HVAC Energy Efficiency Ratings; Huh?

by Dan Jacobs, June 8, 2015

According to the U.S. Environmental Protection Agency (EPA), every dollar invested in HVAC energy efficiency can produce a double or triple return on investment. If your equipment is over 10 years old, upgrading to high efficiency equipment can pay for itself in a surprisingly short period of time. But, when looking to purchase or upgrade your equipment, what do HVAC energy acronyms actually mean?

Btu (British Thermal Unit): Most commonly used unit of measure for energy use in heating and cooling equipment: one Btu is the amount of heat required to raise one pound of water by one degree Fahrenheit. The higher the Btu rating, the greater the heating capacity of the system. 

SEER (Seasonal Energy Efficiency Ratio): Essentially, this measures your cooling equipment’s average efficiency over the course of a calendar year. A higher SEER rating equates to greater energy efficiency. Depending on what area of the country you’re in, your equipment should have a rating anywhere from 14-25. While a system with a higher SEER rating may have a higher initial cost, your annual energy savings will more than offset those higher upfront costs.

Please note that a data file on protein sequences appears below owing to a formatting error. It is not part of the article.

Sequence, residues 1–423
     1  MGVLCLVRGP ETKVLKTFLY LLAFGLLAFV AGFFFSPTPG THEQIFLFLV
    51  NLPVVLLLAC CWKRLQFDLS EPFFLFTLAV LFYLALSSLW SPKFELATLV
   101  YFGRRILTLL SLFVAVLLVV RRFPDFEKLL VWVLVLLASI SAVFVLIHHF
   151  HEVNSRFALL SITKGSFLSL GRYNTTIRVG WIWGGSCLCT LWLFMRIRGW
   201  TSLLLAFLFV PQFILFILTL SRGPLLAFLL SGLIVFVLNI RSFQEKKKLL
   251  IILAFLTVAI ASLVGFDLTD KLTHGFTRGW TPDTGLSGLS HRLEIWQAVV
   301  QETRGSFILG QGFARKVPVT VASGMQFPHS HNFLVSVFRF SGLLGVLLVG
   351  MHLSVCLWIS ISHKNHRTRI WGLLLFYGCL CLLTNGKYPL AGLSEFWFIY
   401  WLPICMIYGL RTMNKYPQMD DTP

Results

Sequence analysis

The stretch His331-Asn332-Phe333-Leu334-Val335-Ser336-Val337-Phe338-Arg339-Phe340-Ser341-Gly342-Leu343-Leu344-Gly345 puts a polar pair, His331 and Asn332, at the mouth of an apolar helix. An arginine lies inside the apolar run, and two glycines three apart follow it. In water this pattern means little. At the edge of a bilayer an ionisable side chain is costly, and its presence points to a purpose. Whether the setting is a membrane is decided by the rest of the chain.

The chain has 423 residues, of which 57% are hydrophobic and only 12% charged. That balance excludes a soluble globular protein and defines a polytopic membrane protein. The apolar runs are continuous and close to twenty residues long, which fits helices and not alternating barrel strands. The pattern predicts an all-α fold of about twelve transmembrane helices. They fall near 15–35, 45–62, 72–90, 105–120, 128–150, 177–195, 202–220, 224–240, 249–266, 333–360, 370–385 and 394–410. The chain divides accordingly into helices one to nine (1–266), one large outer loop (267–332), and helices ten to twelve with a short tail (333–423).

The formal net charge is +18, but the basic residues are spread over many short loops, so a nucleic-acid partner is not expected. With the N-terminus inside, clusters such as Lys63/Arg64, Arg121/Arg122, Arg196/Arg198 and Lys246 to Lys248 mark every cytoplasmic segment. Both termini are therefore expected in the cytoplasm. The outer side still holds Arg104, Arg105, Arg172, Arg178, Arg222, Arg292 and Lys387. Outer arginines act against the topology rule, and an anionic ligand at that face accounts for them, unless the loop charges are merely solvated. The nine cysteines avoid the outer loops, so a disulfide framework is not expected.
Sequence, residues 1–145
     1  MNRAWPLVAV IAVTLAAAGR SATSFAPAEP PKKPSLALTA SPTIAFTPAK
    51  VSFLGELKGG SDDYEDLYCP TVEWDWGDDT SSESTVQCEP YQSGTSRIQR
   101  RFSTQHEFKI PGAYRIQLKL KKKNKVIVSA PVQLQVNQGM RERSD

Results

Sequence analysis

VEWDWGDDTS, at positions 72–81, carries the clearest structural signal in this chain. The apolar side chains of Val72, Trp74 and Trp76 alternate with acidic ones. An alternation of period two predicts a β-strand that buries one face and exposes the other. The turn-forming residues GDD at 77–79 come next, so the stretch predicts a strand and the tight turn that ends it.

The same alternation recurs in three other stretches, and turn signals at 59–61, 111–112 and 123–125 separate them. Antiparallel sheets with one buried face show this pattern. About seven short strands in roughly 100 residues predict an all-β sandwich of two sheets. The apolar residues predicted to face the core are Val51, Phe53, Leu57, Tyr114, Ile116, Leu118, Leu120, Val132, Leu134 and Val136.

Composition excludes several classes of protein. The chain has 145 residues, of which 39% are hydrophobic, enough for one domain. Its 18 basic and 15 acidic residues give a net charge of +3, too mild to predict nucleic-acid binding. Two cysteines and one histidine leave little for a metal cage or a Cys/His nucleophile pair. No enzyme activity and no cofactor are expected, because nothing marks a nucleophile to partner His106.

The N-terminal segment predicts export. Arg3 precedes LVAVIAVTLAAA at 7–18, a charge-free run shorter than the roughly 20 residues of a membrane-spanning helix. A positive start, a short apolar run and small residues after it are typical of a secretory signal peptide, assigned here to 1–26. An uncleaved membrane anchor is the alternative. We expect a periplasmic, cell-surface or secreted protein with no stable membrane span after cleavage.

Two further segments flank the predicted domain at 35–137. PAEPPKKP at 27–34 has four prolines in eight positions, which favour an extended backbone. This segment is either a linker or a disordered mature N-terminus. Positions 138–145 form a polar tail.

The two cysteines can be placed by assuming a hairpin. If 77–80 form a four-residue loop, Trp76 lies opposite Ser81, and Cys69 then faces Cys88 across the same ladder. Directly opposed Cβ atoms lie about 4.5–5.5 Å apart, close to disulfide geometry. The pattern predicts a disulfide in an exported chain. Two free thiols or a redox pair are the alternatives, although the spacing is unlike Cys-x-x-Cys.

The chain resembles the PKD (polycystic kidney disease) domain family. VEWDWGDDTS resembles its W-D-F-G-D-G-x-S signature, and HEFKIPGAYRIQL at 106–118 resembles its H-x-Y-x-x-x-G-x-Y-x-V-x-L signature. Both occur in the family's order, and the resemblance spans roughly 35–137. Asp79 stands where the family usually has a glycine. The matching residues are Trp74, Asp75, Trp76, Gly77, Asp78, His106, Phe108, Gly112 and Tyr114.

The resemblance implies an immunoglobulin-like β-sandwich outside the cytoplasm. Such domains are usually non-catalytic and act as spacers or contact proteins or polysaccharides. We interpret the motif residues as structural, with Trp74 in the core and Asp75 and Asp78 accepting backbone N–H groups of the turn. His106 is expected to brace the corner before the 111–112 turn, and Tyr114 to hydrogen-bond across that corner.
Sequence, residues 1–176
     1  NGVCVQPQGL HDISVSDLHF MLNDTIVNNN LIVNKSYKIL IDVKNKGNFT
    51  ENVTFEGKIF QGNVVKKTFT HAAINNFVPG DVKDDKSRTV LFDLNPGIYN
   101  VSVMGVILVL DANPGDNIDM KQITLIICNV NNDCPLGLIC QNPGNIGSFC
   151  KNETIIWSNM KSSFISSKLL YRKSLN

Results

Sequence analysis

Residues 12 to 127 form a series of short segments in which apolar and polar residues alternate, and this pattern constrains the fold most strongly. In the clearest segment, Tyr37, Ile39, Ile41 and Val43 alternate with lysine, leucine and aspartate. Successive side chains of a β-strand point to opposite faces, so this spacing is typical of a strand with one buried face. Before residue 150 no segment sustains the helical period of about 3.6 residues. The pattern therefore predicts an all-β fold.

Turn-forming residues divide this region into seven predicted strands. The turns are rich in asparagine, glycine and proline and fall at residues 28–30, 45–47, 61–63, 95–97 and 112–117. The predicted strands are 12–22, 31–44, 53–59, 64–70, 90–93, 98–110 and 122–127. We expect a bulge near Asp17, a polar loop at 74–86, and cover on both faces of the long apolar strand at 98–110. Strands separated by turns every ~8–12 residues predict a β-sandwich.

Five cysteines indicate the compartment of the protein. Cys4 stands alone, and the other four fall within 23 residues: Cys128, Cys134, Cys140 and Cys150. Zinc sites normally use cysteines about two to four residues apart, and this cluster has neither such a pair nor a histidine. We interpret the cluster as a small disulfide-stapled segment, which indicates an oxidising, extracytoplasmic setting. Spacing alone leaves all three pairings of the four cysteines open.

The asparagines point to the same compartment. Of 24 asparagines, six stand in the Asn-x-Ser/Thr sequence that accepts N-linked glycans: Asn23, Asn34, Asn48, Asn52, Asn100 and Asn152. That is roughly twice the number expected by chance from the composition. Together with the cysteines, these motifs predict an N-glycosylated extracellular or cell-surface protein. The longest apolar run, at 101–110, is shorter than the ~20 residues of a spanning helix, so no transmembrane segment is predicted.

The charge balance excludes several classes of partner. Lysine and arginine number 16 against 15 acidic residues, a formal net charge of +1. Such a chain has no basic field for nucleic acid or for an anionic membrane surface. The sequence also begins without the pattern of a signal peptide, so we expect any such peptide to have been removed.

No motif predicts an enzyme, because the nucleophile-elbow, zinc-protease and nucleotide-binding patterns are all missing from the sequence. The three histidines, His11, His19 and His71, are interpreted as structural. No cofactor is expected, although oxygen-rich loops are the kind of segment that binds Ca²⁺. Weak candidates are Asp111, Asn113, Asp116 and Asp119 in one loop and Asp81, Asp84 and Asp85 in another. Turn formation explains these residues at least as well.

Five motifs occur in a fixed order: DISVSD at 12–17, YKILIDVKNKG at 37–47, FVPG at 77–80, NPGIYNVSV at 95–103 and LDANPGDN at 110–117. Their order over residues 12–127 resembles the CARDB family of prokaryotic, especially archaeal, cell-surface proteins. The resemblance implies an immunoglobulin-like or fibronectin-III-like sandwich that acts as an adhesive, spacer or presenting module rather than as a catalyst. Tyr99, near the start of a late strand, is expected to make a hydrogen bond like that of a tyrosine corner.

EER (Energy Efficient Ratio): Like SEER, EER is also used to measure your system’s efficiency. The terms differ in that EER is calculated under specific test conditions that represent peak load during the highest temperatures of the season, while SEER is measured seasonally over the course of a year. In other words, if your office or business is located in an area with extreme temperature fluctuations, such as Arizona, EER might be a more relevant efficiency rating than SEER. For EER, look for a rating anywhere from 11.5-14.5

In either case, it’s important to look at both to get an accurate idea of the unit’s performance under different operating conditions. 

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